Prevalence of infections by Helicobacter pylori, a pathogen involved in a number of gastrointestinal diseases, remains high in developing countries. Management of infections by eradication is not always an option. Lactobacillus reuteri L. reuteri DSM17648 (Pylopass™) specifically co-aggregates H. pylori in vitro and was shown to reduce 13C urea breath test in vivo. In this pilot study, we tried to replicate previous findings in an independent sample and to evaluate effects of spray-drying vs. freeze-drying of cultures. A single-blinded, placebo-controlled study was done in 22 H. pylori positive, asymptomatic adults. H. pylori levels were determined by 13C-urea-breath method after 14 days of supplementation, as well as after 6, 12, and 24 weeks follow-up. In the test group, but not in the placebo group, a significant reduction of H. pylori was observed. For the first time, spray-dried cells of L. reuteri DSM17648 have been used in a human study and results are in line with the first study results, supplementing with freeze-dried material. This is of special interest as spray-drying results in dead cell material, meaning that the effect of L. reuteri must be independent of its probiotic activity. These results confirm the potential of Pylopass™ L. reuteri DSM17648 as a novel way to reduce the load of H. pylori.
Reducing the amount of Helicobacter pylori in the stomach by selective bacterial–bacterial cell interaction was sought as an effective and novel method for combating the stomach pathogen. Lactobacillus reuteri DSM17648 was identified as a highly specific binding antagonist to H. pylori among more than 700 wild-type strains of Lactobacillus species. Applying a stringent screening procedure, the strain DSM17648 was identified as selective binder to H. pylori cells under in vivo gastric conditions. The strain DSM17648 co-aggregates the pathogen in vivo and in vitro. The specific co-aggregation occurs between Lactobacillus. reuteri DSM17648 and different H. pylori strains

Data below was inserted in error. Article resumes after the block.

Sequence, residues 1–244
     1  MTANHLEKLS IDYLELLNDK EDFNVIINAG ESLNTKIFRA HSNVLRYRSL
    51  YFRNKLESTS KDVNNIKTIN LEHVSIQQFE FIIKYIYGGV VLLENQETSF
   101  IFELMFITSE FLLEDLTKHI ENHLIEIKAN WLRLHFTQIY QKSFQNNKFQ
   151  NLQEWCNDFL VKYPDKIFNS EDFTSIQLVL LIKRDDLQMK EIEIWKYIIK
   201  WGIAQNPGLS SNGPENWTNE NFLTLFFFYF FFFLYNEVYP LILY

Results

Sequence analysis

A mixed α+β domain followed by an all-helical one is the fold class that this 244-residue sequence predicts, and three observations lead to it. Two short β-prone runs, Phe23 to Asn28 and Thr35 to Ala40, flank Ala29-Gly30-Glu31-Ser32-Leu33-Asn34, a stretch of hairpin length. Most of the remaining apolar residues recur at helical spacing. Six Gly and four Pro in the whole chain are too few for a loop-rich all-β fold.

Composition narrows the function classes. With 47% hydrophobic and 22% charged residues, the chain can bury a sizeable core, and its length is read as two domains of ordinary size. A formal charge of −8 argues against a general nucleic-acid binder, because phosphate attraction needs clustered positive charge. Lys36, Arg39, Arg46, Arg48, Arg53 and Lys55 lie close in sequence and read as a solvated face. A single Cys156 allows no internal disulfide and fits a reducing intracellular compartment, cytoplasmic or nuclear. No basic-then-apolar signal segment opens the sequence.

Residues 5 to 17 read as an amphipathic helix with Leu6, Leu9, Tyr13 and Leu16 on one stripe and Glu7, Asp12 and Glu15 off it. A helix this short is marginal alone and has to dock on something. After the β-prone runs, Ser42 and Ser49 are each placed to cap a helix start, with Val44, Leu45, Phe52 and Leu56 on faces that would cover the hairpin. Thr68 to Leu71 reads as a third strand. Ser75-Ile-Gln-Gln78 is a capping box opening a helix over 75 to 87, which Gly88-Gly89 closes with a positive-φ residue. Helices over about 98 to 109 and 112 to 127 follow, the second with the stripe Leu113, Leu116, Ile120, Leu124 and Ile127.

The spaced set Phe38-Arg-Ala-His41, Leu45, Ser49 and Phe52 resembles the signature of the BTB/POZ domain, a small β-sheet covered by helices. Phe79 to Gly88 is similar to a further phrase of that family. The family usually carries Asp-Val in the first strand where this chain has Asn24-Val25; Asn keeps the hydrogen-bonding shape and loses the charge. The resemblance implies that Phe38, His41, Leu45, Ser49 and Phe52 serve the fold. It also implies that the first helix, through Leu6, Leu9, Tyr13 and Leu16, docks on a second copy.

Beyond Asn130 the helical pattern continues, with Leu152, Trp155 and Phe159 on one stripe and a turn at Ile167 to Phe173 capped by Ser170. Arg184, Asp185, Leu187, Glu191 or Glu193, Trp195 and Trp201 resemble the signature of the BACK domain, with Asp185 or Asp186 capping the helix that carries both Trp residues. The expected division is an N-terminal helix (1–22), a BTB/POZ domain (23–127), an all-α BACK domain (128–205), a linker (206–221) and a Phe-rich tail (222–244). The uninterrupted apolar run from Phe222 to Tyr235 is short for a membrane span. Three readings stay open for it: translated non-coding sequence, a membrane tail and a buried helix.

Results: After a 28-day supplementation phase with Pylopass™ there was a trend for reduction of H. pylori load in 62.5% of the subjects and for the overall GSRS scores in 66.7% of subjects.
Conclusion: The results demonstrated that L. reuteri DSM17648 has the potential to suppress H. pylori infection, and may lead to an improvement of H. pylori-associated gastro intestinal symptoms.
The present study included 70 patients diagnosed with Helicobacter pylori infection by the rapid urease test, randomized into two therapeutic regimens: Lactobacillus reuteri DSMZ17648, liquorice and calcium carbonate and classical proton pump inhibitor – amoxicillin – clarithromycin scheme. The eradication efficiency was 54.3% in the Lactobacillus reuteri group vs 77.1% in the antibiotic group (p = 0.042) but with a significantly lower rate of side effects (2.9% vs 17.1%, p = 0.037). Finding new drugs to eradicate Helicobacter pylori with increased efficacy, cost effectiveness ratio and no side effects remains a challenge.
Keywords: Helicobacter pylori, eradication, antibiotic resistance, Lactobacillus reuteri
Results: H. pylori decreased microbial diversity associated with inflammation and focal mucosal atrophy. H. pylori eradication was achieved on Lr monotherapy in 50% after 28 and 60% after 56days, on adjuvant Lr therapy – 60% after 28 and 77.8% after 56days, in placebo group – 68.8% after 28 and 56days. Clinical manifestation, inflammatory and atrophic changes during Lr treatment significantly and reliably decreased.
Conclusion: Lr monotherapy is comparable in effectiveness to a standard eradication therapy.
Keywords: H. pylori, non-Helicobacter gastric microbiota, probiotics, L. reuteri